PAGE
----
Thursday, April 9, 2009

Rubato, ma non troppo

Today a cool toy called the Echo Nest BPM Explorer was released. As discussed here and here, this makes it easy to analyze a piece of music to determine whether the performer used a click track or metronome.

Since my last post on music in 5/4 included one track with and one without a metronome, let's give it a test.

Here is a BPM chart for my rendition of the Bartók piece.
There is some variation around the beat, but not much, because I was sticking close to the metronome. (Something I rarely use.) The scale bars show that this variation is confined to a narrow range. The green line is a smoothed-out version of the instantaneous BPM, shown in white.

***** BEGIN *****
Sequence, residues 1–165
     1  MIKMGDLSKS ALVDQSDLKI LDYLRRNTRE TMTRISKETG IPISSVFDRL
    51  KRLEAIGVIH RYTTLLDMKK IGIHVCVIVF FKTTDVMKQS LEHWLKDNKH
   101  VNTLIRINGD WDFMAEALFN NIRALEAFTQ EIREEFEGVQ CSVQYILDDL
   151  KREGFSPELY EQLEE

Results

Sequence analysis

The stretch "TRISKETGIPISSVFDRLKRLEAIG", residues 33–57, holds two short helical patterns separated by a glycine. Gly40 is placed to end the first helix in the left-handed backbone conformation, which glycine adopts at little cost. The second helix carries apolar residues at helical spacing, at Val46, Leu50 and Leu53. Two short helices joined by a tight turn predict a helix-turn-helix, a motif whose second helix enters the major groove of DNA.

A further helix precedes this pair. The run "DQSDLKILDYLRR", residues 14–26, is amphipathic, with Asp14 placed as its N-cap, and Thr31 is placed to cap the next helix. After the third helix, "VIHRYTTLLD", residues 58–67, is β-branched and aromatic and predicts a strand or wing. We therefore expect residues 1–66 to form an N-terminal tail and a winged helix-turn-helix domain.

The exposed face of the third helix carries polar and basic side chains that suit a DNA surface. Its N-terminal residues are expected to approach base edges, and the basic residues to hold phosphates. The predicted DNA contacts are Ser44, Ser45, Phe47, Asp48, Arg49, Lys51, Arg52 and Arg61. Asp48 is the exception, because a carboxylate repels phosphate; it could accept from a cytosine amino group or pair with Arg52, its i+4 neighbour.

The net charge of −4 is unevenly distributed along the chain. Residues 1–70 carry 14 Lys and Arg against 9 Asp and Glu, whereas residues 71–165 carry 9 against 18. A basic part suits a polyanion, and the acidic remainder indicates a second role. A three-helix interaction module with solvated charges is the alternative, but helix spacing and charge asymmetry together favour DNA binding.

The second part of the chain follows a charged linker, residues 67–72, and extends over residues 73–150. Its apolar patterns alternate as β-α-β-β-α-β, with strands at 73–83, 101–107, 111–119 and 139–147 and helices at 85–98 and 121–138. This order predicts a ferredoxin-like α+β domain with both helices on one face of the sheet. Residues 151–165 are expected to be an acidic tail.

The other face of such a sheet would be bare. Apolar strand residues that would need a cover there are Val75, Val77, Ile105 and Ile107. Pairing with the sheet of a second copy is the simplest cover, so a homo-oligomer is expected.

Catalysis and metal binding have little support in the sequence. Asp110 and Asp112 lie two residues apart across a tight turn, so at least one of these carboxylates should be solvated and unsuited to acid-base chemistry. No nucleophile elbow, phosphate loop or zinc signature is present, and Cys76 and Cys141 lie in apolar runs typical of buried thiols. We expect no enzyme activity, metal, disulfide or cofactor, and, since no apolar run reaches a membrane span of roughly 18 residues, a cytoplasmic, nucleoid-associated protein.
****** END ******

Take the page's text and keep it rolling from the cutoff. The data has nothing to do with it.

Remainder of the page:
Here is the BPM chart for my rendition of the "Serenade".

There is much more variation going on there. Some of that is intentional rubato, though partially subconscious. But there is also a gradual increase in tempo from beginning to end. That is not intentional, but is probably common when I make recordings. Near the end I start thinking "Hey, this take seems ok! I'd better hurry and finish it before I goof up."

Finally, a more interesting example from Candlefire.

There is the same gradual speed-up as before. I often have that problem with Nyman, because his tempos are absolutely glacial in some cases. But the more interesting thing is the way the white line wiggles up and down regularly. As I explained before, this piece shifts back and forth between 3/4 and 4/4 in an interesting way which gives the impression of speeding-up and slowing-down. It appears that Echo Nest is fooled, just like a human listener would be. Though I'll need to study this more closely to figure out where it really thinks the beats are.

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